detention centers constructed, and large investments in 
technology and equipment would be needed to comply with the 
mandates of the new law.  The estimated cost would be nearly 
14 million dollars. 
 
3. (U)  Arias's call to delay the implementation appears 
headed for approval.  The 17 members of the Citizen's Action 
Party (PAC) legislative deputies, complaining that the 
immigration law creates a "type of Gestapo," have committed 
to join the 25 deputies of Arias's National Liberation Party 
(PLN) to pass legislation that would delay the law.  The six 
Libertarian Movement (ML) party members have no defined 
position.  Only the Social Christian Unity party (PUSC) 
deputies have expressed disapproval of the law's delay. 
Passage of the law was one of the major legislative 
accomplishments of former President Abel Pacheco of PUSC. 
 
---------------------------- 
MORE THAN JUST LACK OF MONEY 
---------------------------- 
 
4. (C)  On June 30, poloff met with the new director of CRI, 
Mario Zamora.  Zamora supported the law's delayed 
implementation, stating privately that corruption concerns 
were more compelling reasons than lack of resources for 
delaying the new law's implementation.  He told poloff that 
his first priority as Director of Immigration will be to 
eliminate the corruption in his department, and that 
implementing the new program next month would be impossible 
given the current level of corruption.  Zamora fears that the 
sweeping new powers the law gives CRI officials to impose 
large fines would be abused by corrupt officials who accept 
bribes to look the other way.  The law would make 
opportunities for this kind of corruption a nation-wide 
phenomenon instead of the current situation where such 
opportunities are restricted to points of entry.  He also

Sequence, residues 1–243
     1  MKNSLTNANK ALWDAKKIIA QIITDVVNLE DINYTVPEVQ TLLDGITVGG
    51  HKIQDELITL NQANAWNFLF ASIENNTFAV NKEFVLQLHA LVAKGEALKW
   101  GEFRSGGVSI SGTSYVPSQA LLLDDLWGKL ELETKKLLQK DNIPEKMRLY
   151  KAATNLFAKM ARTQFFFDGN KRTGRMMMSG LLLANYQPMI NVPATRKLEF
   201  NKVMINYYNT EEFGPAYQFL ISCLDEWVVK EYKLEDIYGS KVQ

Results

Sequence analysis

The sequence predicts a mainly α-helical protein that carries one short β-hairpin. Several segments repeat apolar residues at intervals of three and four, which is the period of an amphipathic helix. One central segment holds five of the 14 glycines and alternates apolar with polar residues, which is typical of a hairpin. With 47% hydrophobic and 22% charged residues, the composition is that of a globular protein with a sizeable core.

added that enforcing this law in August, in the midst of the 
crucial legislative battles over fiscal reform and CAFTA 
ratification, would be very difficult politically for the 
Arias administration.  According to Zamora, all sections of 
the law, including the new and relatively non-controversial 
penalties for human trafficking, would be delayed.  Zamora 
does not expect the law to survive in its current form, 
especially the sections mandating heavy fines for those who 
hire or assist illegal immigrants in Costa Rica. 
 
------- 
COMMENT 
------- 
 
5. (C)  Director Zamora appears enthusiastic about fighting 
corruption within his department, and is optimistic that he 
can work with Second Vice-President Kevin Casas to reorganize 
CRI and terminate corrupt employees.  He is young (36) and 
new to Costa Rican government, which may contribute to his 
idealism.  During the meeting with poloff, he requested any 
assistance the USG could give him, especially technological 
resources.  He indicated that he would be willing to offer 
Embassy officials greater access to CRI information. 
 
6. (C)  The law does appear to be unenforceable given the 
current levels of corruption within CRI and the distaste the 
Arias administration has for it.  Unfortunately, a delay 
would affect those portions of the law which could have been 
useful in the fight against trafficking of persons through 
Costa Rica.  END COMMENT. 
FRISBIE